The guy who bought it was experiencing severe sticker-shock. This smallish corner of the sim world had cost him a million bucks. His contract, which he had been assured was a fair and reasonable one, on closer inspection turned out to be from beginning to end slanted to benefit the lawyers. His “retainer” was worthless. It turned out that his retainer retained nothing, and the lawyers charged a thousand bucks for every fifteen minutes.

Down in the square below me, he was arguing with a group of young arabs – young billionaires dressed in expensive grey suit pants, sunglasses, and leather jackets – but not cowboy boots, which I found odd because that’s what rich young arabs wear. The young arabs didn’t want the millionaire living in their neighbourhood. Turns out that part of his contract stipulates that in order to build in New Morocco he must use an appropriate texture pack to fit the theme of the neighbourhood, and the New Morocco texture pack cost a million bucks – as much as he had paid for the apartment itself. That’s just the basic pack, mind you. Every lampshade, every pot plant, every light switch, was additional thousands of dollars.

One guy, it seemed, had attempted to dodge this in the past by designing his own texture pack – from scratch – to fit in with the neighbourhood. It was so good that the company sued him for copyright and won, even though that sort of thing is nothing to do with what copyright is supposed to protect. The millionaire was realising that he had been comprehensively scammed. His money was lost and he would be forced to move into the bad part of sim town, with all the cheap apartments with their crap default grey textures. And there was nothing much he could do.

Upstairs in the balcony, sitting opposite me was a man. I didn’t know who he was. His appearance and manner – he was Christopher Walken, although I did not realise that in the dream. I didn’t know his status, I was apprehensive, I didn’t want to say anything. But then he simply commented – looking out onto the argument below – “How like “Bob”!”. And I understood.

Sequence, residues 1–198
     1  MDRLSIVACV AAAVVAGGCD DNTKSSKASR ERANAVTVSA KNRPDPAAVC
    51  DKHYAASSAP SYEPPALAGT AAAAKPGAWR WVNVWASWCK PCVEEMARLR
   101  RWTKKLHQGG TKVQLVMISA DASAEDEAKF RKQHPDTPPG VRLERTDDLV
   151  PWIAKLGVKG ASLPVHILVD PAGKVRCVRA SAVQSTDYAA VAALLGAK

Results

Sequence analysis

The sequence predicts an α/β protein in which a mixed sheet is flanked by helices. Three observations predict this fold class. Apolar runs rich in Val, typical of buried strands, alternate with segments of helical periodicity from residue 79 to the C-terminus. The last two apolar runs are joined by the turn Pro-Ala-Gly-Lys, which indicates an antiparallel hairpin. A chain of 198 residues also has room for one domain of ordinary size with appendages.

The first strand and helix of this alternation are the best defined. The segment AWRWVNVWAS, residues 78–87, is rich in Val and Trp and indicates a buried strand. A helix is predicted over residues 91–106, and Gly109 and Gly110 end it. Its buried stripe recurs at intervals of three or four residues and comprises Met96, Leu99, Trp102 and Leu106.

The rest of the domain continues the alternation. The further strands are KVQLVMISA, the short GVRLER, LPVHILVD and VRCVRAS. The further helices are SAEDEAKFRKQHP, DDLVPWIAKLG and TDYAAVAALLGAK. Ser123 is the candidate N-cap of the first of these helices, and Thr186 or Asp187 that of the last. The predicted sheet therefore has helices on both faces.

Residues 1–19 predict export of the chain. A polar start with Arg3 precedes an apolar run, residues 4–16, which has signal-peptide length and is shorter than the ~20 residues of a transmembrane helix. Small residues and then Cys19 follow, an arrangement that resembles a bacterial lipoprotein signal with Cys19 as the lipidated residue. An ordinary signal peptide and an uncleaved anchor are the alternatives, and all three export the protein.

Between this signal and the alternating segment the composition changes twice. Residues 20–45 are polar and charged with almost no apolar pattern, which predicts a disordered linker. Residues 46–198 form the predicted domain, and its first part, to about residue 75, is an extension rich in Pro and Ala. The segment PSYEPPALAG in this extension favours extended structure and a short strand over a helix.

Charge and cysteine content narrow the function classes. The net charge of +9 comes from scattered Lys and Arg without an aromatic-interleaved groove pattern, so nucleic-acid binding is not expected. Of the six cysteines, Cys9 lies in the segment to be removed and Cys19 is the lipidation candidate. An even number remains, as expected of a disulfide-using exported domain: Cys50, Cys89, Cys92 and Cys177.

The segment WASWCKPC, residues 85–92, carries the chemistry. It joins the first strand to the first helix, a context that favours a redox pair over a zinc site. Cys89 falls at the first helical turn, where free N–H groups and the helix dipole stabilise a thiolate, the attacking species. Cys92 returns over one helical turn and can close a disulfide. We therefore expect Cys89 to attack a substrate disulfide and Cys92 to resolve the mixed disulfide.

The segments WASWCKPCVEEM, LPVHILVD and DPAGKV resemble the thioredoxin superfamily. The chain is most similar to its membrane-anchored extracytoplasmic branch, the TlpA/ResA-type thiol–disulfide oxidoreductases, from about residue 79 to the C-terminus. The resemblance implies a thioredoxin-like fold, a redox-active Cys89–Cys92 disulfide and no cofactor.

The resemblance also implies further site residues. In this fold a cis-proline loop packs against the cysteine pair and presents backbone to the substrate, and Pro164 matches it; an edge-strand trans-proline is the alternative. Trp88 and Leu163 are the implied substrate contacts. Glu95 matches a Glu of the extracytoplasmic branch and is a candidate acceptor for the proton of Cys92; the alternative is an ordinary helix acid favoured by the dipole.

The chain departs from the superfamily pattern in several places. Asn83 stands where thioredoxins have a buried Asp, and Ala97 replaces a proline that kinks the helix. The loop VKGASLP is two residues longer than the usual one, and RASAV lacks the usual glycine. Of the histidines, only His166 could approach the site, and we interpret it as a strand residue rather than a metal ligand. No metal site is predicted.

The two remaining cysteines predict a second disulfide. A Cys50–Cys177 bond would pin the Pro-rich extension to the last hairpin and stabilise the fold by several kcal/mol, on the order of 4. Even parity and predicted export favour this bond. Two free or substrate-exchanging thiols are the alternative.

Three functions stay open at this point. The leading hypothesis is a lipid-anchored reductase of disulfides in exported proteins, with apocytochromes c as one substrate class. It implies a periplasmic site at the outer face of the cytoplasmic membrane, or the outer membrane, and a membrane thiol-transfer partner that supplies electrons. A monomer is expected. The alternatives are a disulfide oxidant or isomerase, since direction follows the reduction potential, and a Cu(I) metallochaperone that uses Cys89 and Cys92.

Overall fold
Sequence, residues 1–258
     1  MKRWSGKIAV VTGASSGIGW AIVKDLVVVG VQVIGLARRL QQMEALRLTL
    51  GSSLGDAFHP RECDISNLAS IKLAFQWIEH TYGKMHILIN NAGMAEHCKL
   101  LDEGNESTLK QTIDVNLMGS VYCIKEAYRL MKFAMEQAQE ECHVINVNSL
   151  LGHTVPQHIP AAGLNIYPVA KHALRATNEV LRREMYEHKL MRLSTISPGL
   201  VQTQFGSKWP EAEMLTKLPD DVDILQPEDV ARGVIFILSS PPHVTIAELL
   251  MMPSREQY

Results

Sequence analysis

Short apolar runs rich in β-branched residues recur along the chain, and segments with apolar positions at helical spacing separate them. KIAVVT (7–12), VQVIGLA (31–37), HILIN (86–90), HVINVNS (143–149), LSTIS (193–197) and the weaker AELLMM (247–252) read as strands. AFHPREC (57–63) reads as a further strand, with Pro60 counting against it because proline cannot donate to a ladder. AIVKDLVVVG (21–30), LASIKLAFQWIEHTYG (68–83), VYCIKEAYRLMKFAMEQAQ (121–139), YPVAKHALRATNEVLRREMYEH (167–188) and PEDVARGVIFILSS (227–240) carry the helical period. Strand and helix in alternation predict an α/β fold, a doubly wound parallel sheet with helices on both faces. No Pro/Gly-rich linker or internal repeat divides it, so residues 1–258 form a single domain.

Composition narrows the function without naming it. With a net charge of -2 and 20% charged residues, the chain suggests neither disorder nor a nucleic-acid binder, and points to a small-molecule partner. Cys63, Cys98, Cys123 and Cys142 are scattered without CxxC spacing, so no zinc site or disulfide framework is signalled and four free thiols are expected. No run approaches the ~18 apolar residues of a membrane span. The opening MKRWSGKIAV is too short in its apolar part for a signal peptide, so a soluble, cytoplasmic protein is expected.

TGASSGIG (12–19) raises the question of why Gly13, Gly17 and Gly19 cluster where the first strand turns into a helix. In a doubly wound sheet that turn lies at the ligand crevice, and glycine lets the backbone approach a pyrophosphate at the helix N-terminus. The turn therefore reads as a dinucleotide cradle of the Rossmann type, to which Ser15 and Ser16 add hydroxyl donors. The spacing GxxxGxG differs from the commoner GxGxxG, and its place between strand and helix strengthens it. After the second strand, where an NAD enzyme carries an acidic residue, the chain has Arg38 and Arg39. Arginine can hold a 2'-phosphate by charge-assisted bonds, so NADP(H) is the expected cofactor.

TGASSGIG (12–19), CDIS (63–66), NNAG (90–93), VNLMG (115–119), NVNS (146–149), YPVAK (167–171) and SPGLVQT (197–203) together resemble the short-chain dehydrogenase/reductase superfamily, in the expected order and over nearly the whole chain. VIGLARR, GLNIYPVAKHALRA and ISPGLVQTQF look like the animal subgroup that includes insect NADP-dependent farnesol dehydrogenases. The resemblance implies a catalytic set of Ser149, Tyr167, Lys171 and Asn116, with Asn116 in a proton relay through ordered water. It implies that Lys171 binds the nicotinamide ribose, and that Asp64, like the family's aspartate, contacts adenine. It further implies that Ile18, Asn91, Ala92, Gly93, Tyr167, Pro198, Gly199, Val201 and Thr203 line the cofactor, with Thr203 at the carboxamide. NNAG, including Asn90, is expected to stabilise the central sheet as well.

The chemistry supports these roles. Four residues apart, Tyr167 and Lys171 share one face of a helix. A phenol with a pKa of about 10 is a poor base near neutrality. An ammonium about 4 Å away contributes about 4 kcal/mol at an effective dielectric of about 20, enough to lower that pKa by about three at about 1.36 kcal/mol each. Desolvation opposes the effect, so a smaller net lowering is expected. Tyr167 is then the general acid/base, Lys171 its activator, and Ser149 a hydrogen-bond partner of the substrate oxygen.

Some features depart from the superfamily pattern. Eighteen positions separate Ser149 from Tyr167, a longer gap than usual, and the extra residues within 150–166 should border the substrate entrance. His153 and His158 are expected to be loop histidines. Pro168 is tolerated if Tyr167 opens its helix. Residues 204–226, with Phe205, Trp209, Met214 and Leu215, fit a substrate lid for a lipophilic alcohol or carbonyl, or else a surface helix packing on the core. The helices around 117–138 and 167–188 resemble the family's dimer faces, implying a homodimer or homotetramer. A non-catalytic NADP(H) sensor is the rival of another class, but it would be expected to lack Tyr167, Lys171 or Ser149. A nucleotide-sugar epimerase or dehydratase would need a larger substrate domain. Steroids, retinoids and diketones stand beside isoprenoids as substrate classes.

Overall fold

The whole sim world was one of “Bob”’s many, many scams. Down there millionaires and billionaires were fighting over bytes on a server somewhere – the millionaire being treated like bottom-of-the-barrel scum; while outside in the real world there were hordes of the genuinely poor and the just-struggling-along, who could never even dream of setting up home in the sim world, who could barely afford their weekly grocery bill. My sympathy was all misplaced – served that bastard right. Served ’em all right.

(An interlude. I was – somewhere – standing next to, standing far too close to – some TV preacher. On TV he was all charm and compassion, but up close you could see that he had murderers eyes. The more you looked in his face, the clearer it became. I felt unsafe. I wanted one of those riot shields that the police have, to put between us.)

I moved on from my dream. It had been a really cool dream – one of those uncommon ones with a clear beginning, middle, and end. I wanted to write it down, to record it and put it on my blog. I was in the sim world, and commenced to write on my tablet. It was outside, daytime, crowded, packed with bodies like a nightclub.

I began my post, “I dreamed about “Bob” this morning”. My tablet ran out of room and so I began to write on paper – illegible scrawl in blue ink. My girlfriend had wandered off to find a toilet. There was a fad, a fashion in the sim world at the moment: someone would call out “Stop!” and everyone would freeze. I sort of tried to participate, but I didn’t freeze as well as everyone else. And anyway – I wanted to get my dream down before it faded. Already I was forgetting details.

And at some point I rolled over in bed, and the motion-sensor in my phone decided to play my alarm: “Sweat” by C+C Music Factory. “Everybody dance now”. I rose and wrote this.

Paizo organised play, we barely knew ye.

16 June, 2011

Giving up on the Paizo organised play due to lack of interest. Two players, three weeks running, is just to sad to ignore. Oh well – we gave it a fair try.